See merge_sources/3 for further options.

See also: epp_dodger, //stdlib/filename:find_src/2, merge/3, merge_files/3, merge_sources/3.

merge_sources(Name::atom(), Sources::[Forms], Options::[term()]) -> {syntaxTree(), [stubDescriptor()]}

  • Forms = syntaxTree() | [syntaxTree()]

Merges syntax trees to a single syntax tree. This is the main code merging "engine". Name specifies the name of the resulting module. Sources is a list of syntax trees of type form_list and/or lists of "source code form" syntax trees, each entry representing a module definition. All the input modules must be distinctly named.

Unless otherwise specified by the options, all modules are assumed to be at least "static", and all except the target module are assumed to be "safe". See the static and safe options for details.

If Name is also the name of one of the input modules, the code from that module will occur at the top of the resulting code, and no extra "header" comments will be added. In other words, the look of that module will be preserved.

The result is a pair {Tree, Stubs}, where Tree represents the source code that is the result of merging all the code in Sources, and Stubs is a list of stub module descriptors (see below).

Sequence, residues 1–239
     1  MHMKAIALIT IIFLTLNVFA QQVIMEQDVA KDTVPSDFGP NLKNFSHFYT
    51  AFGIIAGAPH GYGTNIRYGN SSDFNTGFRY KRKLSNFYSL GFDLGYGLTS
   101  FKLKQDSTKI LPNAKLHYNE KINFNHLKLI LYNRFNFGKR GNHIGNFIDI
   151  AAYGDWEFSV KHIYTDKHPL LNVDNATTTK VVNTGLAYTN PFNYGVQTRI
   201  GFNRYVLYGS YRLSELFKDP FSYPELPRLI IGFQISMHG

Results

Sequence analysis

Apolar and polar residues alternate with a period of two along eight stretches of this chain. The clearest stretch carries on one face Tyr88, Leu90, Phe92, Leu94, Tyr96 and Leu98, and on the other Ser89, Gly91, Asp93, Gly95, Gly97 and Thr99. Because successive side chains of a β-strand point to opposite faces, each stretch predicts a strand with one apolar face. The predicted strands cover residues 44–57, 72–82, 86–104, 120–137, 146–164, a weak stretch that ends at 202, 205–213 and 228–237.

Stubs contains one entry for each exported input module (cf. the export option), each entry describing a stub module that redirects calls of functions in the original module to the corresponding (possibly renamed) functions in the new module. The stub descriptors can be used to automatically generate stub modules; see create_stubs/2.

Options:

{export, [atom()]}

Specifies a list of names of input modules whose interfaces should be exported by the output module. A stub descriptor is generated for each specified module, unless its name is Name. If no modules are specified, then if Name is also the name of an input module, that module will be exported; otherwise the first listed module in Sources will be exported. The default value is the empty list.

{export_all, boolean()}

If the value is true, this is equivalent to listing all of the input modules in the export option. The default value is false.

{file_attributes, Preserve}

Preserve = yes | comment | no

If the value is yes, all file attributes -file(...) in the input sources will be preserved in the resulting code. If the value is comment, they will be turned into comments, but remain in their original positions in the code relative to the other source code forms. If the value is no, all file attributes will be removed from the code, unless they have attached comments, in which case they will be handled as in the comment case. The default value is no.